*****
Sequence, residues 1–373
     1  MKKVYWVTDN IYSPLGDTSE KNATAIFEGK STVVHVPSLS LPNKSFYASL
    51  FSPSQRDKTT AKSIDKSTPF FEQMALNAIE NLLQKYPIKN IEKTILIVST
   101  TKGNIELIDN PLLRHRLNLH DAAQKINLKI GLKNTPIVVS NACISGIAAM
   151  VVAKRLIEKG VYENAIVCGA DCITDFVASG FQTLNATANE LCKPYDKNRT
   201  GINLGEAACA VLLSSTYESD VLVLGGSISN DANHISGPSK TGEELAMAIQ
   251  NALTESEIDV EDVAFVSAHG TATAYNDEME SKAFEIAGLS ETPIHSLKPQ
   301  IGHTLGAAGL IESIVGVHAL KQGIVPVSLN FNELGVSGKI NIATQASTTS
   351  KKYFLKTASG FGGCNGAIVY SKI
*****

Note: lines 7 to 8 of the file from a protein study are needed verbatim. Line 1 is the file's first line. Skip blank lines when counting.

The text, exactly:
   251  NALTESEIDV EDVAFVSAHG TATAYNDEME SKAFEIAGLS ETPIHSLKPQ
   301  IGHTLGAAGL IESIVGVHAL KQGIVPVSLN FNELGVSGKI NIATQASTTS